Coal as a fuel for Cement Industries: According to an estimate the cement industry alone consumes US $ 240 million worth of furnace oil per year, which is equivalent to 35 million tonnes of coal. Using the above ratio 419 million tonnes of coal per year will constitute a saving of entire annual foreign exchange of US $ 2.9 billion required for the import of fuel and related products.

Other things remaining unchanged, the current estimated reserve of 218 billion tonnes of coal at the annual production rate of 419 million tonnes if exploited efficiently would effectively last for about 500 years. Discounting for the effect of exhaustion of the oil and gas reserves in the year 2011 and 2026 respectively, the said coal reserve would still last for over 400 years.

It is encouraging to learn that FECTO Cement Limited has decided to convert its plant from furnace oil to coal fired to save the fuel cost. The production capacity of FECTO is 2000 tons per day. Its annual rated capacity is 630,000 tonnes. Expected time for converting the plant from gas to coal firing is about 9 months. Annual estimated requirement of coal consumption is 75,000 tonnes for this plant.

Production Cost of Cement: Energy constitutes more than 50% cost of production of cement. Until fifties cement industry was using coal as fuel for clinkering of raw material. After discovery of natural gas, all cement plants were converted into gas. In early eighties, the then Government decided to preserve gas for fertilizer and domestic consumption. All the cement plants were advised to switch over to furnace oil. Quite a good number of plants have been operating on furnace oil except for 2/3 plants which succeed in getting gas for few months in a year. Gas allowed to few plants in the recent past is being strongly contested by other plants.

Furnace Oil Price: Price of furnace oil has witnessed unprecedented rise during last few years. As against average increase of 4% per annum during early nineties, price of furnace oil has moved up by average 55% per annum during last five years. Cost of production increased by Rs. 755 from Rs. 361 per ton to 1,116 per ton due to increase in the price of furnace oil during last five years. Very recently (February - March 2001) price of furnace oil per ton have been increased, which are given below:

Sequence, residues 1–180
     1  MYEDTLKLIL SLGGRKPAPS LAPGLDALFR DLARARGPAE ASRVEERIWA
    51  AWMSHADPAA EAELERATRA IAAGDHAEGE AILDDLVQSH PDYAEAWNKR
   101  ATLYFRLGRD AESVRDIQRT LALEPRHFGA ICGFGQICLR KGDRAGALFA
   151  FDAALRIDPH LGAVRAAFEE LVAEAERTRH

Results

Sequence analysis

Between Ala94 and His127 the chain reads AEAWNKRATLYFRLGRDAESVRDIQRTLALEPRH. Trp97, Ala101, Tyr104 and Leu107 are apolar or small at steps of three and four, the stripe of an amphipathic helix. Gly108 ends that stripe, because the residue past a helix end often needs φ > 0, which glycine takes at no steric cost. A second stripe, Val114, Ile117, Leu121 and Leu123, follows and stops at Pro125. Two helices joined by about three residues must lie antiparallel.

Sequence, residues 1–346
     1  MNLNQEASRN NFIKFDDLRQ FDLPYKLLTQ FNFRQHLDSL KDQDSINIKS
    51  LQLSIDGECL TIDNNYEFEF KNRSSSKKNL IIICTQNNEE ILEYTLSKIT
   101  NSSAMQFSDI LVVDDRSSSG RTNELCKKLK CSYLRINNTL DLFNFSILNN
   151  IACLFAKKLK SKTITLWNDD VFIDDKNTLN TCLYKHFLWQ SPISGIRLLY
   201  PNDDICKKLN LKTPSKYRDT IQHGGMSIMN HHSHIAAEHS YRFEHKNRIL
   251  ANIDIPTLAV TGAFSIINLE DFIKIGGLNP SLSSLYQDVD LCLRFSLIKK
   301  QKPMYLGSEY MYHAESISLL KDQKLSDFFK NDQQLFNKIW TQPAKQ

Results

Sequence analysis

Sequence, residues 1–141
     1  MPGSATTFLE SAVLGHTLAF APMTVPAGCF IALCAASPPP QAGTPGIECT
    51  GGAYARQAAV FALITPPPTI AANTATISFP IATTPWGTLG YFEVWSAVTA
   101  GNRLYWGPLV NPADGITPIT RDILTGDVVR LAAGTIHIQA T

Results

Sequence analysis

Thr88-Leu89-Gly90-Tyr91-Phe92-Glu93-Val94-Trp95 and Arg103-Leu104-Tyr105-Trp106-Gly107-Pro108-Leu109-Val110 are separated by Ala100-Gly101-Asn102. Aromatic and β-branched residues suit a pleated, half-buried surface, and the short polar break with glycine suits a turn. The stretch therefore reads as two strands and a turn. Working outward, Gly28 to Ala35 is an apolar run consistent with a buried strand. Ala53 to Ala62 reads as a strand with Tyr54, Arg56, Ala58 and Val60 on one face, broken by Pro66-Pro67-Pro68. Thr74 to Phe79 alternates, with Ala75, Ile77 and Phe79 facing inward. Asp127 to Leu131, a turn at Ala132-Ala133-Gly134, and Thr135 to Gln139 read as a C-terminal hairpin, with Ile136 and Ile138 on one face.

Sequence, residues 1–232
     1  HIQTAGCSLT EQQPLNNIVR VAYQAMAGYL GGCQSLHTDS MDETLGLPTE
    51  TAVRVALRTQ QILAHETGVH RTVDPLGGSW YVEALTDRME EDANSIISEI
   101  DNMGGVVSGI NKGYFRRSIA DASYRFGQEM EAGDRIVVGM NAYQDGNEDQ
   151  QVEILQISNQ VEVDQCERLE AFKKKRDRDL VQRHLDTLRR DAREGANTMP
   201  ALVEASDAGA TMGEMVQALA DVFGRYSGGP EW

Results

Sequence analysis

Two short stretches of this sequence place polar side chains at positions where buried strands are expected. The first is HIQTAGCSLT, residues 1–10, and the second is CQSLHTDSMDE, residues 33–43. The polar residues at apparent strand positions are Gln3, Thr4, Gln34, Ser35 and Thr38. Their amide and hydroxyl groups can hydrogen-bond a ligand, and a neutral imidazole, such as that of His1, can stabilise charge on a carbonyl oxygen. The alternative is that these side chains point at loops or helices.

Oil companies

Previous price

Current price

Price increase

% increase

Caltex Oil

9,887

10,609

722

7.3

Pakistan State Oil

9,885

10,517

632

6.4

Shell Pakistan

9,846

10,609

763

7.7

Coal Firing System: The increased level of furnace oil prices strongly suggests that Pakistani cement industry should switch over to coal firing system. Almost 90% cement plants world over use coal for clinkering. Pollution is no more a problem due to advance technologies arresting gas emissions. Cost of coal firing is estimated to be 2/3rd of the cost of furnace oil, if imported coal and local coal is used in the ratio of 50%. However, if huge coal deposits in Thar and Sondha which have lower sulfur content are developed, saving in Fuel cost will be more than 50%. The Government will also be saving foreign exchange if the industry switches over to coal. To encourage switch over to coal firing system, the Government may consider arranging financing on soft terms from DFIs to meet the capital outlay for installing coal firing equipments because with extremely poor liquidity position, most of the cement companies will to be able to meet capital cost for installing coal firing system. The capital cost of coal conversion for each plant is estimated to be between Rs. 200 million to Rs. 300 million, depending on the size and make of the plant.

Electricity Charges: Electricity charges have also been subjected to frequent upward revision by WAPDA/KESC. It will be noted that increase in electricity changes has been much higher during the last five years.